Recently, the Bombay High Court granted an ad-interim ex-parte injunction in favour of Franco Indian Pharmaceuticals Pvt. Ltd. (“Plaintiff”) restricting Juzer Mukhiya, proprietor of Franco Remedies & Anr. (“Defendants”) from using the trade marks FRANCO and FRANCO REMEDIES or any other mark deceptively similar to the Plaintiff’s trade name, in relation to medicinal and pharmaceutical preparations and/or as part of their trading/corporate name.
The Plaintiff owned a trade mark registration for FRANCO-INDIAN PHARMACEUTICALS PVT LTD Device since 1959 in Class 5. It also had websites with domain names comprising of the words FRANCO-INDIAN. In July 2021, the Plaintiff came across Defendants’ capsules bearing the mark FRANCO. The Defendants were also using FRANCO-REMEDIES as a trading name and had applied for registration of the mark FRANCO-REMEDIES Device.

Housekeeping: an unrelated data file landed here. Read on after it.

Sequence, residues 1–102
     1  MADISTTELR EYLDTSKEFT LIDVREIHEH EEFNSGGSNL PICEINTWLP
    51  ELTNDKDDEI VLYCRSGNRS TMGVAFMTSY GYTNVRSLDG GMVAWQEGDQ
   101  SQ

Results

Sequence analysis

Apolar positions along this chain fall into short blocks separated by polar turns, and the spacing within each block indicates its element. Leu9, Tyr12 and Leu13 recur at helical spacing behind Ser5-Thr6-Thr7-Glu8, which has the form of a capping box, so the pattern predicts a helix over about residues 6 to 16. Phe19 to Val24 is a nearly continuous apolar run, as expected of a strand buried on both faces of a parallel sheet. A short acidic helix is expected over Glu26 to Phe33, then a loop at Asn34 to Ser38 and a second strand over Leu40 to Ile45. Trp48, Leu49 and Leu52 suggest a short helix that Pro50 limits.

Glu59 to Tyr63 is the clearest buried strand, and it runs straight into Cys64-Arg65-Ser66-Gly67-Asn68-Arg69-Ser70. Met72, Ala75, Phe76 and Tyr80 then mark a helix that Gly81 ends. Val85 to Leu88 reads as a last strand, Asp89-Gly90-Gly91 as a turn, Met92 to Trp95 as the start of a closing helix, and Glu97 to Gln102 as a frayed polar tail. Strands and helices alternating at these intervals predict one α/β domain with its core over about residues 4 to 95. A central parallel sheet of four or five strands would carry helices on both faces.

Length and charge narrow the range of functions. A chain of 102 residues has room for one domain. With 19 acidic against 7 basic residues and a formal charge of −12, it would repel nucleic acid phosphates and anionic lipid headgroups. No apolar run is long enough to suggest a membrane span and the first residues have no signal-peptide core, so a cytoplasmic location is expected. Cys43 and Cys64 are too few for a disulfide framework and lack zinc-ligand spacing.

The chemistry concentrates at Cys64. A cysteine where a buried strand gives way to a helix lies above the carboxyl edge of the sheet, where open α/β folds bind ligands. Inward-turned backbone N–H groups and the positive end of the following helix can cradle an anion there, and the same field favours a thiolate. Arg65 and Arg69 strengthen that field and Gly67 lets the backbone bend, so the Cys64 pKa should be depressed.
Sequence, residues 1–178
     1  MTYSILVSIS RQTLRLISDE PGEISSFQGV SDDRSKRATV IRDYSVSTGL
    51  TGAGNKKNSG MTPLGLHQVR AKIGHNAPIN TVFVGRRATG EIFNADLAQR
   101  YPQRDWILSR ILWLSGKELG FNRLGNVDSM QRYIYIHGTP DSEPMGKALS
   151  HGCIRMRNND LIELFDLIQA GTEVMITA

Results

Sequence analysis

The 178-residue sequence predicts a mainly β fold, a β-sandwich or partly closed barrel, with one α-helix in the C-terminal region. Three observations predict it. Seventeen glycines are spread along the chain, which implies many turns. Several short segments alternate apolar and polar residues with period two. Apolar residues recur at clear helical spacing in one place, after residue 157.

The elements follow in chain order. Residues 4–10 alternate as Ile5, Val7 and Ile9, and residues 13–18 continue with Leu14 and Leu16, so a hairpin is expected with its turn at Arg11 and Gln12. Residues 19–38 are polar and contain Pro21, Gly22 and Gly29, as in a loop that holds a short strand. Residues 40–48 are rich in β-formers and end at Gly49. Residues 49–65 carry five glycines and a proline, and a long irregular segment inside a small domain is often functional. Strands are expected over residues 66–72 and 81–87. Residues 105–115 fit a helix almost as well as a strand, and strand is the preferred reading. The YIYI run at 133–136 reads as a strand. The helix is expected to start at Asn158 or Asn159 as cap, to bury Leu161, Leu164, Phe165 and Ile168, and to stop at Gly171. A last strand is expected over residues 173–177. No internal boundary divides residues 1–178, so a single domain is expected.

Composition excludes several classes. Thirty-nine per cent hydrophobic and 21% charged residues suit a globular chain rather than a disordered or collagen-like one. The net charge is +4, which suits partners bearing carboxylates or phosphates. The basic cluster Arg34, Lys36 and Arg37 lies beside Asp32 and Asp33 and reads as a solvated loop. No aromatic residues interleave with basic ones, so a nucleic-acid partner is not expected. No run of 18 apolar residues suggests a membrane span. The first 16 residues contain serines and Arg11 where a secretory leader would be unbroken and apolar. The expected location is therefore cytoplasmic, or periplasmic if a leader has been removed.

The court held that FRANCO is a distinctive and coined mark, which was conceived and adopted in 1959 and used by the Plaintiff as a part of its trading name. The court further held that it is well-settled that a corporate name has many features of a trade mark and the statute itself now explicitly recognizes this. Thus, the court held that the Plaintiff had “safely” made out a sufficient prima facie case and the balance of convenience is with them. Accordingly, the court passed an order in the Plaintiff’s favour.